All has returned to normal here in Uganda. The President and the King met this week to begin talks about coming to a peaceful resolution of the problem. This was great news and shows that the leaders of Uganda are serious about not repeating the mistakes of their neighbors. The vast majority of Ugandans are peaceful people who sincerely want to see their country continue to develop and create opportunities for themselves. And from what I can tell, they are very sharp and determined people who I really believe can accomplish that goal, given the necessary support from it's friends in the west. It always surprises me how keenly aware of the world most Ugandans are - much more so than the average American is back home. I think the prayers and support of people back home can and do make a huge difference in the hope these people have, and eventually the realization of the things hoped for.
But with October arriving, we are back to normal around here. Living here is a very strange mix of occasional new experiences and adventures sprinkled throughout an otherwise very normal existence the vast majority of the time. Last Sunday we went to some friend's or ours house for a dinner party with about 30 people and kids. There were a bunch of American, British, and Ugandans families there just hanging out and having a BBQ. To look out and see our kids playing on the slip-n-slide while we're out on the porch talking with people from these different cultures is a surreal experience - a very American activity in a very American looking environment (our friends are from Texas), but the participants come from a cultural background that is vastly different from ours or what we're used to.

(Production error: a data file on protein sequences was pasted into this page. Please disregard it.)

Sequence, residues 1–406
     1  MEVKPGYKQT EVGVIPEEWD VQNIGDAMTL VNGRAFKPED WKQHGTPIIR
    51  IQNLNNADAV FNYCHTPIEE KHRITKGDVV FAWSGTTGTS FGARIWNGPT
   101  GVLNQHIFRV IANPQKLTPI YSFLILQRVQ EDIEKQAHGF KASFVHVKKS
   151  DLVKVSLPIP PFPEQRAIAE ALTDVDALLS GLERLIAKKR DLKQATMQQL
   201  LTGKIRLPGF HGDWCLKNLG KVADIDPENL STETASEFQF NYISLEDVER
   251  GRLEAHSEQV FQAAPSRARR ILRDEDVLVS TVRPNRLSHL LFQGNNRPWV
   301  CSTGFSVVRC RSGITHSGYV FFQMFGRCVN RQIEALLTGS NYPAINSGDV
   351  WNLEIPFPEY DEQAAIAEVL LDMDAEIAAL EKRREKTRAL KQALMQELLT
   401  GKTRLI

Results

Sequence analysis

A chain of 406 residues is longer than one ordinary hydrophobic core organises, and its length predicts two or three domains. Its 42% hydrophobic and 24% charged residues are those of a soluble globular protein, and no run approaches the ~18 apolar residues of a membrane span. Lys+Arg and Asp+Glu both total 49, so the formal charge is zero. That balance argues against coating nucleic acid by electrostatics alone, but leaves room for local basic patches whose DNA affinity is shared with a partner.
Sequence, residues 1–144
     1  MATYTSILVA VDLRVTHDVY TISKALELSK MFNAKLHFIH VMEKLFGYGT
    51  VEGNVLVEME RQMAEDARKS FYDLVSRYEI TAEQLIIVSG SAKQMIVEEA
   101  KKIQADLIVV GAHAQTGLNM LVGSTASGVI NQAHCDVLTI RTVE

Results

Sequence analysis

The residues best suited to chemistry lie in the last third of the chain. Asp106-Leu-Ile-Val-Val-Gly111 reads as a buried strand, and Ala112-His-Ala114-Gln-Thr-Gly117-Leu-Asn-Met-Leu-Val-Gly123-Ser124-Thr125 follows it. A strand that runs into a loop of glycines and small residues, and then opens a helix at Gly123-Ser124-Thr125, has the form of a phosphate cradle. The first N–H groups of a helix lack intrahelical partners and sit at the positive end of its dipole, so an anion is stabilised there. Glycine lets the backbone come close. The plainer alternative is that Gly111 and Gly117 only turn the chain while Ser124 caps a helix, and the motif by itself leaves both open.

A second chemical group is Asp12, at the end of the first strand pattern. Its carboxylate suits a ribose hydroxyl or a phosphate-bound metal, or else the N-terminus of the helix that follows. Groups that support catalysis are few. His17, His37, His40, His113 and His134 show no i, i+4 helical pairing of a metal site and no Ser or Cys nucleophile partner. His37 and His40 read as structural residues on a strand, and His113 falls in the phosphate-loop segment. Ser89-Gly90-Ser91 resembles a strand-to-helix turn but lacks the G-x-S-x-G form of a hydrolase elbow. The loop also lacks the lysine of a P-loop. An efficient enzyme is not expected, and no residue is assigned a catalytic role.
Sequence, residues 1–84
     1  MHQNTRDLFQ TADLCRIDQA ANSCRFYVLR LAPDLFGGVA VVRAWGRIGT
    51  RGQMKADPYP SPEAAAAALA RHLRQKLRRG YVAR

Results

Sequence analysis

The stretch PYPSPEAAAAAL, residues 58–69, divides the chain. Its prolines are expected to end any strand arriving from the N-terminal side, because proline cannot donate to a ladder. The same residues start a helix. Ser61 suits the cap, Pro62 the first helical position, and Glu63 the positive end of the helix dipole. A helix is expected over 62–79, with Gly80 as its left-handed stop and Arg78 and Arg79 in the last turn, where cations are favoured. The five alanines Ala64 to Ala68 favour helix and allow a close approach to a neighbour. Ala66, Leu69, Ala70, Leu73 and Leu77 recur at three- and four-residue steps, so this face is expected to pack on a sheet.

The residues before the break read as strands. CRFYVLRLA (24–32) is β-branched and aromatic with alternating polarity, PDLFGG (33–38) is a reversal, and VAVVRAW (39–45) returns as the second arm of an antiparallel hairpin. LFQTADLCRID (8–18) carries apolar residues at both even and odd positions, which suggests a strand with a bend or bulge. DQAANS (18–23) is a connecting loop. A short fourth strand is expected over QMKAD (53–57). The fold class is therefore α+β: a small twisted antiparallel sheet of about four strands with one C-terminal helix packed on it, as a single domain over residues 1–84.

Jonah heading down the slip-n-slide at the Mickler's BBQ
As I thought about it later, I realized that our life here is largely the same as it is back home, only with different people from different place surrounding us. 95% of most days are exactly as they'd be back in the states. My job is different, because eMi is giving me access to work with ministries who are serving the most needy people in this part of the world, but even that is mostly pretty normal. Other than the three project trips I take each year where I visit remote parts of East Africa, the majority of my workdays are spent in a very western environment (i.e. the eMi-EA office). The hardest part for us about living here is all about being stripped of our day to day relationships with loved ones back home (or even week to week or month to month relationships, which are now forced into a year to year arrangment!).